Sunday/ ‘red’ irises are not red

Just as efforts to create a blue rose have stymied growers and plant geneticists, so have efforts to create a red iris. The flower has almost no red pigment naturally.
– Barbara Whitaker in a report called ‘The Hunt Continues for the Holy Grail: A Red Iris’ in the NYT, in 2006

Irises come in every color of the rainbow, but not in a true red. I found these ‘red’ ones here in my neighborhood.
It felt like summer today (76 °F/ 24 °C), but we will drop back to cooler weather tomorrow.

Beautiful bearded irises here on 17th Avenue. What color are these? My phone camera makes them look a little redder than they do in real life. ‘Red’ irises are invariably shades of wine, brick or reddish brown.

Saturday/ the war between Israel & Palestine

Today the President spoke with Israeli Prime Minister Netanyahu, reaffirmed his strong support for Israel’s right to defend itself against rocket attacks from Hamas and other terrorist groups in Gaza, and condemned these indiscriminate attacks against Israel.
– Statement from the White House @WhiteHouse on Twitter

It just seems to me that this statement hides many, many of the complexities of the Israel-Palestine conflict. Yes, Israel has a right to defend itself. What about the rights of Palestinians, who have been forced with an iron fist, to live like third-rate citizens in the confines of the Gaza strip and territories in the West Bank?

The stills below are from a video posted in the New York Times, of the destruction of the Gaza Tower.

Friday/ tennis and beer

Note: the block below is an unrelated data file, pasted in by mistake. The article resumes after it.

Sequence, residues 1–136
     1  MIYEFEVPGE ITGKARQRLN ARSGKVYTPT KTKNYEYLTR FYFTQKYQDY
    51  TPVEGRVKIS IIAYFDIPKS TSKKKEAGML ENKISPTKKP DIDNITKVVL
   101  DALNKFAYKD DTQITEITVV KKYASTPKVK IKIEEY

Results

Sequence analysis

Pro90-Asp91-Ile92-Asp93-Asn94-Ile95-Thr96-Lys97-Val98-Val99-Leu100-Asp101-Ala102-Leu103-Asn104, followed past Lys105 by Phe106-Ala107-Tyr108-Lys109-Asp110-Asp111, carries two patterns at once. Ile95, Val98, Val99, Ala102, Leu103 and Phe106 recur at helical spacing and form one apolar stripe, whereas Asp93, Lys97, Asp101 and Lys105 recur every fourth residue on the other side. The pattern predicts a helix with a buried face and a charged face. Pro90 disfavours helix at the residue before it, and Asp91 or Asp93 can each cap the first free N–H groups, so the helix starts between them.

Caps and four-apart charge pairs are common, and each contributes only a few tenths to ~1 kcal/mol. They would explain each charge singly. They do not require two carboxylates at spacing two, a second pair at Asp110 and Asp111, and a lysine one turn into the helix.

It’s been a dry and mild weather week here in the city (72° F/ 22 °C today).
Four of us played a little doubles tennis at the Jefferson Park courts south of the city.

One of the guys brought a six-pack of beer —’Porch Glow’ amber ale, brewed in Spokane all the way across Washington State on its border with Idaho. We sat on the tennis court and socialized for a bit afterwards. It felt good. Not long ago we had to play with masks, stay the hell away from each other by 6 feet, and then just scurry off and go home right after the tennis was done.

Thursday/ guidance for me, myself & I

For me, the updated CDC guidance about not wearing a mask for vaccinated people, feels like a stunning reversal of their guidance issued just two weeks ago.

There are lots of green ‘Fully vaccinated’ maskless smiley faces on this guidance diagram from the Washington Post (compiled from the CDC guidance). I added my own ‘guidance’ in there, for now.  I’m just not ready to go everywhere without a mask (esp. indoors), and pretend that the pandemic has ended.

Let’s not forget that the failure of the CDC to contain this pandemic, is at a level I would call ‘Epic’. As the NYT noted in a June 2020 article: ‘The technology was old, the data poor, the bureaucracy slow, the guidance confusing, the administration not in agreement’.